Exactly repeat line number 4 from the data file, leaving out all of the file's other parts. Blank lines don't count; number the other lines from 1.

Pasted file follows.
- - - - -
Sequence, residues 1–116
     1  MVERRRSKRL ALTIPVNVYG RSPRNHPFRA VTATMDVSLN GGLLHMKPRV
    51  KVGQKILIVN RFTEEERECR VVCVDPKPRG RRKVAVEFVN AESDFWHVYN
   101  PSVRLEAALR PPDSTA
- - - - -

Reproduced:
   101  PSVRLEAALR PPDSTA